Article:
Last week a new bill was introduced in Congress that would allow restaurants and convenience stores in interstate rest areas.
Commercialization of Rest Areas Could Generate Revenue for States
The bi-partisan bill was introduced by Indiana Representative Jim Banks and Connecticut Representative Joe Courtney. The bill’s supporters say that allowing the commercialization of rest areas could be key to keeping them open. According to Courtney, “This legislation will finally provide state governments with the option to enter into public-private partnerships to pay for the maintenance and upkeep of highway rest stops while providing improved amenities to the public.” Courtney and Banks say that states would have the option to use revenue generated by the rest stop commercialization to improve infrastructure.
Under current laws, it is illegal to commercialize any rest area on an interstate developed after 1956. These laws were designed to protect the interests of truck stops, gas stations, and restaurants located near highways.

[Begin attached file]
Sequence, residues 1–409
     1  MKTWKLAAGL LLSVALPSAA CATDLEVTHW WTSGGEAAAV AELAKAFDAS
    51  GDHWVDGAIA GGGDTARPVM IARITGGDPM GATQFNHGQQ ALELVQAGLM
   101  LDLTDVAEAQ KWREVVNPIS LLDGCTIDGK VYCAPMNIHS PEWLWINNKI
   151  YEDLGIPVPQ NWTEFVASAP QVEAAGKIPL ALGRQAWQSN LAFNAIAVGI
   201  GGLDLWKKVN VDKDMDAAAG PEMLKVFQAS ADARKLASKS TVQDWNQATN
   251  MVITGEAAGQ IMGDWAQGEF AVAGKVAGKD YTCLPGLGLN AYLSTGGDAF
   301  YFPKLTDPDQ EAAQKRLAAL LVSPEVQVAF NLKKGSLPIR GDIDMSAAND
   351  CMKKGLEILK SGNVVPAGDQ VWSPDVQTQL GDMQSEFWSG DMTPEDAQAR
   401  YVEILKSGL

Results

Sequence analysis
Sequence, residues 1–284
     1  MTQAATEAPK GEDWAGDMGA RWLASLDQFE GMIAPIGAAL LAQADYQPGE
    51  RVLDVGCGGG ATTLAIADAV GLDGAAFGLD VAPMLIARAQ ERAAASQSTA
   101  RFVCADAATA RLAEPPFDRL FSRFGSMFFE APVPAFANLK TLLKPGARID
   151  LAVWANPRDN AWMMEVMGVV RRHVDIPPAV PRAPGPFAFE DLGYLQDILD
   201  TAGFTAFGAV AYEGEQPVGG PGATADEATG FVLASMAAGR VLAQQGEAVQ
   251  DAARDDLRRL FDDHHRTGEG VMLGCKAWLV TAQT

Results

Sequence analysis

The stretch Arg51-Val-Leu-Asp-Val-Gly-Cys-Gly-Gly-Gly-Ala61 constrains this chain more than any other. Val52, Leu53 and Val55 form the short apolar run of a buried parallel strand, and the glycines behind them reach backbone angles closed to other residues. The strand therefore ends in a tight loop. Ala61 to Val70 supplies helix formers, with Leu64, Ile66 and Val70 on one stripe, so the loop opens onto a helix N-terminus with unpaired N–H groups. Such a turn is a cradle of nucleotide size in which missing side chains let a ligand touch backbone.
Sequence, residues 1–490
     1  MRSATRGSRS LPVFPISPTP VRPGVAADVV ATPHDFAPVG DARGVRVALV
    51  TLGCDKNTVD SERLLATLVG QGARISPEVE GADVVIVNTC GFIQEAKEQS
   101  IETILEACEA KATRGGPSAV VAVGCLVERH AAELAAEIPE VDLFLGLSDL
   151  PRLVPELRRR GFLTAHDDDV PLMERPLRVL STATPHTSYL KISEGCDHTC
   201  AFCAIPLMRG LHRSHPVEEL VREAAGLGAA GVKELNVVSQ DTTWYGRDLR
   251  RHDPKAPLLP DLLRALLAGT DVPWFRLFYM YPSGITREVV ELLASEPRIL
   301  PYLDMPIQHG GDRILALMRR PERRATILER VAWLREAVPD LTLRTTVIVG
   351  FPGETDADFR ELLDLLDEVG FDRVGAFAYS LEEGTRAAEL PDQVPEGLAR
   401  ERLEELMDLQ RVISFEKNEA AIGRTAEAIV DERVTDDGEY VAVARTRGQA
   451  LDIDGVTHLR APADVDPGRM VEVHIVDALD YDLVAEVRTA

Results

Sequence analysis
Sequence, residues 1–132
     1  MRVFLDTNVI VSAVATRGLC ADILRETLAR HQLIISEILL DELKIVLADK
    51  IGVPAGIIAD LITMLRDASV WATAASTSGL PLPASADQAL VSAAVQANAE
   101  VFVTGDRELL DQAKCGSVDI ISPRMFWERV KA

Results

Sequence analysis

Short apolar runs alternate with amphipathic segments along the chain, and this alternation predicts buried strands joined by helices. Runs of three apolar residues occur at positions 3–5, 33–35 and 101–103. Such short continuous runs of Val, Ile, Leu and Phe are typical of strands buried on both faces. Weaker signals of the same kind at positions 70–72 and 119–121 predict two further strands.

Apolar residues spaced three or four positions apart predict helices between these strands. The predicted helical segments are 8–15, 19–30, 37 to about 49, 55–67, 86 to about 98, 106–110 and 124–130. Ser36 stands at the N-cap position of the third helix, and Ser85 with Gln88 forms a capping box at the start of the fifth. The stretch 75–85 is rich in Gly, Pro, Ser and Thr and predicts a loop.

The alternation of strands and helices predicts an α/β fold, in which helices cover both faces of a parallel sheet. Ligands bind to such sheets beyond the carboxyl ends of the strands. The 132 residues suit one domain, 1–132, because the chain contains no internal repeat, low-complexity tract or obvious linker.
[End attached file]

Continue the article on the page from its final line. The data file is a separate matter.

NATSO Says Bill Is Bad For Small Businesses
The trade organization National Association of Truck Stop Operators is strongly opposed to the proposed legislation. They argue that commercializing rest areas will reduce tax revenue for states and result in significant job losses. NATSO also says that the bill would force many small off-highway businesses to close down.
The Rhode Island Trucking Association’s Chris Maxwell supports the bill as it would help truckers find parking: “This would take our current rest areas and open them up to retail, and in our case expanded truck parking throughout the country, and really give us the opportunity to promote the state through real welcome stations.“